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Freescale Technology Forum: More Useful & Relevant Than CES

These days the semiconductor industry seems to have a conference every week, but two that stand out in the consumer arena are the Consumer Electronic Show (CES) in Las Vegas and the Freescale Technology Forum (FTF) in San Antonio.

I go to CES almost every year, and it was very frustrating this last time around. This year I decided to partake in the panels that went on throughout the week, and was sorely disappointed in how lacking in foresight many of the speakers were. I've written about my disappointment with CES here on EBN. (See: Battle of the Digital Ecosystems and The Agony of Digital Rights Management.)

Legacy Fab Issues At The ConFab 2012

The ConFab 2012 highlighted sessions on the semiconductor industry’s blockbuster topics impacting advance technology manufacturing such as the transition to 450mm wafers and the increasing importance of 3D integration and advanced packaging. But this year the conference also allocated time to a discussion revolving around legacy manufacturing. Unlike finFETs and 450mm wafers, the challenges faced by mature production facilities are seldom in the headlines. However, as Sanjay Rajguru, Director at SEMATECH/ISMI, pointed out, over half of the current fab capacity comes from facilities that are more than 10 years old.

The challenges faced by older production facilities include equipment obsolescence, skills obsolescence, availability of parts, software and support and equipment capability extension and tool re-use. Maintaining “More than Moore” fabs is a major concern to semiconductor manufacturers as these operations reach 20 or even 30 years old.

At the ConFab 2012 Executive Roundtable representatives from Sematech/ISMI, IDMs, OEMs, equipment dealers, and industry consultants gathered to have an open discussion on concerns, roadblocks and possible solutions.

ADI Raises the Bar on Low Power Consumption for MEMS Accelerometers

Analog Devices has announced a MEMS accelerometer with the lowest power consumption, the ADXL362. The company cites the following levels as the lowest in the industry:

  • Measurement current: 2 µA
  • Wakeup mode: 300 µA
  • Sleep current: 10 nA

The innovation that ADI has achieved is the design of the control circuit for the accelerometer. More intelligence and interrupt processing has been designed into the control logic. The MEMS sensor itself is also low power, but it was designed to fit the control circuit.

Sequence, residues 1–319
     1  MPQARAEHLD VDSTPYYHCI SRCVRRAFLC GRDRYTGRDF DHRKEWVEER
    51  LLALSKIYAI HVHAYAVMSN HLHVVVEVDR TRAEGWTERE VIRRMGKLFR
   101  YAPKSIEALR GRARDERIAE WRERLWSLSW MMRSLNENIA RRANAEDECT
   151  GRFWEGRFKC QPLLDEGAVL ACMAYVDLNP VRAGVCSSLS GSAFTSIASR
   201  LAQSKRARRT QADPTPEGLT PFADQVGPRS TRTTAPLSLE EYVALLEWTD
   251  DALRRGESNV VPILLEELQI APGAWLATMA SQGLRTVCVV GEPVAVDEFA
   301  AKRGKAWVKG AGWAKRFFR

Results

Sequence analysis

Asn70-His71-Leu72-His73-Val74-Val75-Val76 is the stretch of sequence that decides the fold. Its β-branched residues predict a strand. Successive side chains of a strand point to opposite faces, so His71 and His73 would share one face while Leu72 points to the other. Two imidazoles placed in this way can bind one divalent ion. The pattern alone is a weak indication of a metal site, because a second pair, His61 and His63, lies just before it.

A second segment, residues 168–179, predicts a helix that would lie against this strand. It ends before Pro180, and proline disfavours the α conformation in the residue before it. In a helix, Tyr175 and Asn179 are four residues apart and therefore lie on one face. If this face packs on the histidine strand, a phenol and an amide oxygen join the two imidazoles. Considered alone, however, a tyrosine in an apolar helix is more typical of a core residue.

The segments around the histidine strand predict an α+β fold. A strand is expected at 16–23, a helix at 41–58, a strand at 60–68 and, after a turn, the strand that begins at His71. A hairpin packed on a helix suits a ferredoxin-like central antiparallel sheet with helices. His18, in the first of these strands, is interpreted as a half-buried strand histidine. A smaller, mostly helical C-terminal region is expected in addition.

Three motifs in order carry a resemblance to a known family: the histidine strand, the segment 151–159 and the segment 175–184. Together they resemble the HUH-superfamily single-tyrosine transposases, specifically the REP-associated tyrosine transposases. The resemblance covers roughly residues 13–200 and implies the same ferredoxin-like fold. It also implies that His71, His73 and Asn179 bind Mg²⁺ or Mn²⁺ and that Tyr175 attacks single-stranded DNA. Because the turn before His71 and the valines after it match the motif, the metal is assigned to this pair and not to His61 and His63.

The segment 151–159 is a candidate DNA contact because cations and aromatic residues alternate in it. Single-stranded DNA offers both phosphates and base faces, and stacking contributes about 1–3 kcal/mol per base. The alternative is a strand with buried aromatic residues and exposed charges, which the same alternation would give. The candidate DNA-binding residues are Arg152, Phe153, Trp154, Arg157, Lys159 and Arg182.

ADI has focused on the usage model for the accelerometer. This is not intended for portable consumer and smartphone applications which already have a cost effective solution. In these products consumers are accustomed to plugging in a device to recharge on a daily basis. ADI is targeting the ADXL362 at markets that require long battery life, on the order of years. These are applications that it is either costly and/or very difficult to change the battery. This includes monitoring remote or dangerous locations such as pipelines, bridges, tall buildings, etc. Other applications include sealed environments (military and medical monitoring), cattle tracking and gas meters.

The Tablet PC Usage Model Continues to Evolve For the Next Generation

About a week ago I had the pleasure of attending Phoenix ComicCon.  It is not as big a convention as ComicCon International in San Diego, but it keeps growing.  Frequent readers of the Semico Spin may remember I report on the consumer electronic trends I see at that show.

One of the big draws at Phoenix ComicCon was the 25th Anniversary of the TV show “Star Trek: the Next Generation.”  One of the panels was focused on actor Levar Burton.  I met Levar Burton at the Intel Developer’s Forum in 2010.  The video in this article was in the original article for IDF 2010.  Levar Burton appeared at IDF 2010 to promote Intel’s efforts in SmartTV.

In addition to his work as a performer, Mr. Burton also has a production company that is developing content for new media.  At IDF 2010 he did not go into details on these projects.  Besides Star Trek, Levar Burton is also well known as the producer and host of “Reading Rainbow”, (1983 to 2006) a TV show  that encouraged children to read.

OCP-IP

We wanted to thank another one of our IMPACT sponsors - OCP-IP.

"OCP-IP is dedicated to proliferating a common standard for intellectual property (IP) core interfaces, or sockets, that facilitate "plug and play" System-on-Chip (SoC) design."  Check out their website by clicking on their logo.